August 9, 2012

Eva Gusnowski

Ants are probably one of the most industrious species that has evolved. Ever. I don’t know if anyone else has seen a complete ant colony migration, but it’s pretty incredible to see. And of course you’ve all read about the fluid properties of a group of fire ants and their rafting qualities.

Not only do ants dig dug their way in complete darkness, but the resulting nest is an amazing network of highways and chambers. But, in order to find out the nest structure underground, you can’t just simply look at an ant farm to get the right idea. Rather, that takes a little bit more work and just a tad more science.


ant farm gel

A number of studies have looked at the structure of the underground nests of a variety of ant species. These have included using dental plaster or waxes to fill up existing ant colonies in order to generate a mould of the nest. What they have been able to find in this way are ant cities that extend to 8 levels of chambers joined by vertical tunnels.

Walter R. Tschinkel, science in seconds

Tschinkel, J Insect Sci. 2011; 11: 105.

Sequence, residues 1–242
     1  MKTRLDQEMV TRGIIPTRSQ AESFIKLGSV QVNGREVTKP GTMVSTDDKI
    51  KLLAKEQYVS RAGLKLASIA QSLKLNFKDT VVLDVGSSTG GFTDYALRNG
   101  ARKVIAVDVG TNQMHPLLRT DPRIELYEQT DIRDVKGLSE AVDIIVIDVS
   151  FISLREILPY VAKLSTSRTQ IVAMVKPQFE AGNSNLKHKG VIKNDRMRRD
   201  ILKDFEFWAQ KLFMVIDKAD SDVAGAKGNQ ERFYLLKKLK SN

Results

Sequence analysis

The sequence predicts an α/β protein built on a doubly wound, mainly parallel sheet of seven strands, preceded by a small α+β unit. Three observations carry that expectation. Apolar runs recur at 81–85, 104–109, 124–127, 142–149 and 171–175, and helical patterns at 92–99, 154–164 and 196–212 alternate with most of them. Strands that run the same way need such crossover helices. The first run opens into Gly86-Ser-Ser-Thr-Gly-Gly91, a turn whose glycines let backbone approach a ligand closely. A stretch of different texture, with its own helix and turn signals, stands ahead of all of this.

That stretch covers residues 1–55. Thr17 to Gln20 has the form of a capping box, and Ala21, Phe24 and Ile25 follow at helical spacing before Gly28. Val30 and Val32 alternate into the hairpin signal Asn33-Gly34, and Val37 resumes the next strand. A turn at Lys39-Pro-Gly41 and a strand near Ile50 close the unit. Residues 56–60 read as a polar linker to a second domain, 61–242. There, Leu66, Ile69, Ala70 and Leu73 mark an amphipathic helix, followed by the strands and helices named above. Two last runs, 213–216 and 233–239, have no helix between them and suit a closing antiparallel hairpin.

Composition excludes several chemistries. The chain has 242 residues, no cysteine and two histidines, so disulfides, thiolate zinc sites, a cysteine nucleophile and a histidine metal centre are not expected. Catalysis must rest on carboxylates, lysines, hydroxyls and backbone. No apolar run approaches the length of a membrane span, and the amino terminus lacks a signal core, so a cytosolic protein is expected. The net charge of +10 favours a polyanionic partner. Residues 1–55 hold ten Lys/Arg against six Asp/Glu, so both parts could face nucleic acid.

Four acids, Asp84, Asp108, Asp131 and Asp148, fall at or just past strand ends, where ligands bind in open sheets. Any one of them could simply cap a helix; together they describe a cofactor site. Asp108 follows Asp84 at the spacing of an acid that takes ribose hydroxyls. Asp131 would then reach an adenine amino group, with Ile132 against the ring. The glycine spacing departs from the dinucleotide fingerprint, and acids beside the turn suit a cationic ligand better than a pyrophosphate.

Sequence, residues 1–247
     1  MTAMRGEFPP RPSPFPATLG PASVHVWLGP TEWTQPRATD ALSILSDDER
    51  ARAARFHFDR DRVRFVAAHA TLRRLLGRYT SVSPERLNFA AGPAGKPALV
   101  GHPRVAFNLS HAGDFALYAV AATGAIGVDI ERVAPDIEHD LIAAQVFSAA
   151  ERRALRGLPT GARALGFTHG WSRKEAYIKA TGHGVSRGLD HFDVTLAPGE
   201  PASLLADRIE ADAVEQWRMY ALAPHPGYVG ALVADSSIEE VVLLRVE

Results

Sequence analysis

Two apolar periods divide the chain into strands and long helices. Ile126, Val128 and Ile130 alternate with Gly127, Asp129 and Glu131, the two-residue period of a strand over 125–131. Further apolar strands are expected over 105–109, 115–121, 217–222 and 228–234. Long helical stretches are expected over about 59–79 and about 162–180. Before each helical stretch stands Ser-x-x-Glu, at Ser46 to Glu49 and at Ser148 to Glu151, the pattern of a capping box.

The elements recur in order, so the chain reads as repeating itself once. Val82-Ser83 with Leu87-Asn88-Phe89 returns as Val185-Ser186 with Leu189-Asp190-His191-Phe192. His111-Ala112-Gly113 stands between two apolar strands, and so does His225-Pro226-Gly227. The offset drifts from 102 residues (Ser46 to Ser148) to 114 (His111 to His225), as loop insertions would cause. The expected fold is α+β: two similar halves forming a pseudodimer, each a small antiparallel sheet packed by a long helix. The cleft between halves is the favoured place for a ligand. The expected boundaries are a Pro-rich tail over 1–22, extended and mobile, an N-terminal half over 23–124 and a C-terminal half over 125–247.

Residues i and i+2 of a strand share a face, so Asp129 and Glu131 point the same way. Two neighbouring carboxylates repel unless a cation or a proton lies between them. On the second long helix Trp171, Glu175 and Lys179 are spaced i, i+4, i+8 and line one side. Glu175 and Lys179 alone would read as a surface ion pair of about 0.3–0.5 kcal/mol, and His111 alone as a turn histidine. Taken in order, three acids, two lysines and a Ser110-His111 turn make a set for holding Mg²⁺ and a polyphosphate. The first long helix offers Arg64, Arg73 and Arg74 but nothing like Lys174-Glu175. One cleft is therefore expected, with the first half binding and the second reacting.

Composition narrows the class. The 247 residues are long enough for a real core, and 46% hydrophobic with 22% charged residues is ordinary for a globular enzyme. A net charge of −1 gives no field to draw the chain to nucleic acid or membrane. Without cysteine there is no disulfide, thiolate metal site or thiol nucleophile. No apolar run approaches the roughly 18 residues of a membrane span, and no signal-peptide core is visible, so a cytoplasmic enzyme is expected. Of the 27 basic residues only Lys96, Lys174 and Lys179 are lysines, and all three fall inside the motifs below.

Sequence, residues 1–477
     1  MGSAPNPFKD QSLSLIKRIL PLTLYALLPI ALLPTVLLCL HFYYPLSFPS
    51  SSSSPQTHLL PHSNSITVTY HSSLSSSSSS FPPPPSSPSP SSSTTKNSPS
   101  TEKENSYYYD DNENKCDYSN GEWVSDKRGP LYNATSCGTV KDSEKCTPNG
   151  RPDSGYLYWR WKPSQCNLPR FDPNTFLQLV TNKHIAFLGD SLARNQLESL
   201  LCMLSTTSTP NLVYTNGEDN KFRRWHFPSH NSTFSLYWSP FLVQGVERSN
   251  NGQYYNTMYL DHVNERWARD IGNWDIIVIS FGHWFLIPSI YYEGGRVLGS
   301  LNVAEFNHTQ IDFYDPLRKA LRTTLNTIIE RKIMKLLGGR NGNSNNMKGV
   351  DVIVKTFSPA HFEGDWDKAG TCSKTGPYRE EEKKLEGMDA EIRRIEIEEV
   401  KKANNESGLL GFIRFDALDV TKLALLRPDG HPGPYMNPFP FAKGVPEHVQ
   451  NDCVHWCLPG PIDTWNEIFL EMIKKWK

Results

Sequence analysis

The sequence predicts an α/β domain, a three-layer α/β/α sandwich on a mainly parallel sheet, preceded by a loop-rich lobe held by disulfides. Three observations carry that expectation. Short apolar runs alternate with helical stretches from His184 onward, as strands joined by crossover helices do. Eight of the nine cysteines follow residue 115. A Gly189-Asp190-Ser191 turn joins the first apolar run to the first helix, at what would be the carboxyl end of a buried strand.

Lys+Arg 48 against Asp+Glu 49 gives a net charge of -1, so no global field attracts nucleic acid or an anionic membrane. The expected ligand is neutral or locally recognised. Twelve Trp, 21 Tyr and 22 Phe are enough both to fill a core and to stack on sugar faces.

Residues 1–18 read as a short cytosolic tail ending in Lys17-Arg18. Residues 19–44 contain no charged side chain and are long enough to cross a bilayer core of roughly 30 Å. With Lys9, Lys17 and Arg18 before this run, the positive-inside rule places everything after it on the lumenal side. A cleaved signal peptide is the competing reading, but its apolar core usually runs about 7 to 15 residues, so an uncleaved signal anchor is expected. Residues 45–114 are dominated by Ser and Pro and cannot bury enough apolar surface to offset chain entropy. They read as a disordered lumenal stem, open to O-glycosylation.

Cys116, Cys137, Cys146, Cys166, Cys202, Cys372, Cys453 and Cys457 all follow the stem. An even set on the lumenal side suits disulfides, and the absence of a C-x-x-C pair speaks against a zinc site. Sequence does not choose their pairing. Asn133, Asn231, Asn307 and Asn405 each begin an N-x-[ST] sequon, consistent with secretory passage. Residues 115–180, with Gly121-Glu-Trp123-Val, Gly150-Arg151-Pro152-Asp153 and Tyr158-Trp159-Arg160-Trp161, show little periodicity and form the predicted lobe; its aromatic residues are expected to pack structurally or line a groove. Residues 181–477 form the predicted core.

One such leafcutter ant colony was filled with cement in order to find out its ultimate structure by Bert Hölldobler and colleagues. What was surprising was the fact that the cement just kept disappearing down the ant hole, almost as if it was heading straight to wonderland. Eventually, the ant colony topped off around 10 tons of cement. The nest that was excavated from this was just incredible. But don’t take my word for it, watch the clip for yourself:


Hopefully this Antopolis also has a SuperAnt.



Email (optional)


© 2010 Science in Seconds. All rights reserved.     Disclaimer  |  Contact  |  Subscribe
Friend Science in Seconds on Facebook Follow Science in Seconds on Twitter Science in Seconds RSS Feed